Finding the perfect Yellow Orange

Since giving my furniture to my daughter, my wall color, Pineapple Grove (BM), is far too cool for the current inhabitants of my great room.  When we built our house in 1985, we were way ahead of our time--we had an open floor plan where 75% of the downstairs was open:  foyer to great room to kitchen.  Only my office was securely walled off and included the half bath.

Pineapple Grove
My former sofa was black with vibrant yellow, green and red floral pattern with two guest chairs that complemented.  Oh how I loved it!!! However, once the sofa fabric wore out (and I was on the 3rd reupholster), I decided that we would get a leather sofa--and the two chairs would just no longer work with that.  I gave my daughter the set of furniture which she was willing to have upholstered to suit her needs.  It was a smaller scale that worked perfectly for her home. I miss it.

Hannah Banana
In the transition time between the old and the new, we sat on a terribly uncomfortable couch (in an off white that quickly turned dingy from dirty dogs and people!) that I had bought in brand new condition from a thrift store to stage homes with. A reminder that quality construction that melds comfort with durability is worth paying for.  But, with staging, I need good looks and cheap price, and this sofa had it.  I paid $150 for it and I used it to stage 3 houses.

After months of looking, I found a beautiful gently used high-end leather sofa on Craig's list in a a reddish tan leather.  It had not sold because they were asking too much money for it.  When I inquired, it was still for sale, and they were eager to find a deal.  Unfortunately there is no indication on the manufacturer's color on the leather swatch on the seat.

Shortly thereafter,   I had to throw out another piece of beloved furniture (green, sueded leather love seat) where 17 or so years of sitting wore out the seat.

After much searching (prior to tossing the current occupant!)  I found a beautifully upholstered couch at a consignment shop that complemented the Classic Leather sofa's colors. (No small feat).  I like buying used furniture.  With the exception of the leather love seat, nearly every piece of furniture in my home is second hand.  Any I never buy anything unless it is steeply discounted.  Consignment shops are great--there are so many beautiful things that were never used.  I have to say, that just about everything in my house gets used with impunity!

With the new occupants in place,  I was then left with a paint scheme that was garish--too cool a color on the walls for the warmer colors in furniture.  I also have 4 large framed liquor prints which had all of the vibrant colors of my prior upholstered pieces. I did not want to replace those, but rather keep them.  The daily jarring too my eye was just too much.  I had been putting off finding the right paint color because I know that finding the perfect color (though many seem to do it with ease) to me feels Quixotically like jousting with windmills.

Hannah Banana appeared to be (at that time yesterday!) the perfect color to tie in the old with the new.  It had more red It is considerably darker on the walls than Pineapple Grove--a light reflective value of 77 v 54 for the new color.  However, the room is such that there is very little wall space although the room is quite large.  I have very large windows on the north, west and south side.    So there is probably 60/40 wall/window--so darker colors work. . . or not....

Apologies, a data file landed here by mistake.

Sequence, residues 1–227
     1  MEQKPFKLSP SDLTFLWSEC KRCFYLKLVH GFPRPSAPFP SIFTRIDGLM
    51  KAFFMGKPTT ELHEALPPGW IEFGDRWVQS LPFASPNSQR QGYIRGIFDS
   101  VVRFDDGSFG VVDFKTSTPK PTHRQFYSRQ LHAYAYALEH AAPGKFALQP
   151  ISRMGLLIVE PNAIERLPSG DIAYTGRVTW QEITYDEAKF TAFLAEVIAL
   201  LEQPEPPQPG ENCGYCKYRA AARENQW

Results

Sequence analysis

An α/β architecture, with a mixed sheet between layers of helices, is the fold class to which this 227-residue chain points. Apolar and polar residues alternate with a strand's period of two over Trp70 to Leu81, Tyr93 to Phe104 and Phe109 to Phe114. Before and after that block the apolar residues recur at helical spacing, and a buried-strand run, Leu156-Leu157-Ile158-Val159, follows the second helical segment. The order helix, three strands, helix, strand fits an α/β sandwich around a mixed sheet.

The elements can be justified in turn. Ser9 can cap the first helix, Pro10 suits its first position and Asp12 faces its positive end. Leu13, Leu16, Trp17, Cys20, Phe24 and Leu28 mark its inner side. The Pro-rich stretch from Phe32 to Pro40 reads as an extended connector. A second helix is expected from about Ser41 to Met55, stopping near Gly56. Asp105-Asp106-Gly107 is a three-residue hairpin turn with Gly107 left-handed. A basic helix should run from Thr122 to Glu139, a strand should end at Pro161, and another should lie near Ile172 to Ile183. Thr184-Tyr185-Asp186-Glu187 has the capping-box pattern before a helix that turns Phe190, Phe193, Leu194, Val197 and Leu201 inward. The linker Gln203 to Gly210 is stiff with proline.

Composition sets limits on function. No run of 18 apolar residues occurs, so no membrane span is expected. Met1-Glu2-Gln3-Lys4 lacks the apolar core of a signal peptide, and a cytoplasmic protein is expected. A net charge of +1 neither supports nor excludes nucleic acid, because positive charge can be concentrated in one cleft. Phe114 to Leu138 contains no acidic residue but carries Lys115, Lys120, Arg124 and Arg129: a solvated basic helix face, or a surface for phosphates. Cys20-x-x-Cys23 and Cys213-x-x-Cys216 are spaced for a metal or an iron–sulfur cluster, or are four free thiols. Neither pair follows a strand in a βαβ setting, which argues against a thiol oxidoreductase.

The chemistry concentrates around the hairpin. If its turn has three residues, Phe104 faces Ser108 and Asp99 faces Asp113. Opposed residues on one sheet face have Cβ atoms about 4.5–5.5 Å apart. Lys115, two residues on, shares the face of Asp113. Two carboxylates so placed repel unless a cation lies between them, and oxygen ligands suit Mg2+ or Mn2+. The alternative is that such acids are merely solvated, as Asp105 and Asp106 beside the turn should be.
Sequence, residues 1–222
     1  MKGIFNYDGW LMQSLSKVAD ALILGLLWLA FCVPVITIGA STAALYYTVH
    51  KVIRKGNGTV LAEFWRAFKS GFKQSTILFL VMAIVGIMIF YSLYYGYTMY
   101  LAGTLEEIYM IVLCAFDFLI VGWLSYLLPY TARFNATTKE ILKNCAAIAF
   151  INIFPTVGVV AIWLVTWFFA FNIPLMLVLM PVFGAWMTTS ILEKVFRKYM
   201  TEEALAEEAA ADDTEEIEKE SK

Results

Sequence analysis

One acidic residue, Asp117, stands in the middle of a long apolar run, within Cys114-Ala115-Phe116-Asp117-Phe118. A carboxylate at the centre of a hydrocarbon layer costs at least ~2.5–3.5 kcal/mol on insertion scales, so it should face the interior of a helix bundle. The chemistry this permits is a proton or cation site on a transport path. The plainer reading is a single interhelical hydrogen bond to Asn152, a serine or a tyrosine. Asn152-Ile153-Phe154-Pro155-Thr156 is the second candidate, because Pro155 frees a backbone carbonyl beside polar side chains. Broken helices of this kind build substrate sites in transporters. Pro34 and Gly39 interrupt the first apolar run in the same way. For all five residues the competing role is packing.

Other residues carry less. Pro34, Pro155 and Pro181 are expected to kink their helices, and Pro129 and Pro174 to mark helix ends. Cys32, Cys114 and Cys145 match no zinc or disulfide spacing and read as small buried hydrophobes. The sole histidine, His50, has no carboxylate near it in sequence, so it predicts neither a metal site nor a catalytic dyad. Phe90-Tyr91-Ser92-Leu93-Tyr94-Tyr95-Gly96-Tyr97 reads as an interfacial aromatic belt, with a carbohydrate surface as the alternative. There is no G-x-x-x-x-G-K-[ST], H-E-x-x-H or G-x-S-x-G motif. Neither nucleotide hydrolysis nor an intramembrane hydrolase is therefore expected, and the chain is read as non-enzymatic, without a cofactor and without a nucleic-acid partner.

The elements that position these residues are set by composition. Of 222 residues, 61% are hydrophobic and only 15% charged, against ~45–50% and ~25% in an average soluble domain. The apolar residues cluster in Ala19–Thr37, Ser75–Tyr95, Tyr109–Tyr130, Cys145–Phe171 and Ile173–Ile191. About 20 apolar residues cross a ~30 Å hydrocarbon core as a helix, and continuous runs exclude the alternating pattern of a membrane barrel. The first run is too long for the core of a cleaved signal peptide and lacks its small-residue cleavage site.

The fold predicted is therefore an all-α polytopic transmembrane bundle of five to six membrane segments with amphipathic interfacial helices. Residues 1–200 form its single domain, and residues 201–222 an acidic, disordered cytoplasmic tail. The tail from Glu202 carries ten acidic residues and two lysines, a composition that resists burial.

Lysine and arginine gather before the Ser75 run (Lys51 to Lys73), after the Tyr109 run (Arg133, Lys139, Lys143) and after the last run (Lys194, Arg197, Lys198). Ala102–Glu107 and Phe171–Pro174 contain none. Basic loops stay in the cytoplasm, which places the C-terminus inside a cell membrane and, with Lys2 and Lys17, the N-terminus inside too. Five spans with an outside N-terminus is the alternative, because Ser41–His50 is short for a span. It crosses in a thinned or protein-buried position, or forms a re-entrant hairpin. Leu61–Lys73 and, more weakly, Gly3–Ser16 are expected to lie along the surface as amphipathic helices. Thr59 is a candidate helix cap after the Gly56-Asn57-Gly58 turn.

My husband has been making indirect comments about the color. Frankly, after having had the Hannah Banana color up on the test spaces for 12 hours, and then visiting it again this a.m., I began to have some doubts myself--my commitment to bold color flagging mightily. I called my Benjamin Moore store, and picked a color in a lighter shade:  Yellow Topaz (CSP-945) for a test run.

Compared to CSP-955  I got the warmth that I was looking for and boosted the LRV to 62.9.  I went with the pick for the trim paint--Crisp Linen (CSP-305).

I painted the color here, there and the everywhere on the area framing the large door unit going to the deck.  My daughter came by (who although a teacher, could have been a designer as well).    She agreed with me that the Yellow Topaz was a good pick.

Now I simply have to prepare my surfaces and get ready to paint.  My wood trim is painted in an oil base, and I'm not going to continue that.  So, I will sand out the imperfections from the last painter (who did not prep so well nor paint so well (she was the girlfriend of the painter), ensure that all of the surfaces are deglossed, and then paint away.

Oh Boy.

My advice to any is to to go ahead and pay the money and get samples of paint (after you do some research and narrow the field) that you have narrowed as your finalists.  Paint it on your walls in different places so that you can see the effect of light on the paint in your room, amongst your furnishings.  Though a pain, it is worse to invest in paint and find that you are just not happy with the overall look.  It's like dating a color before making a commitment.


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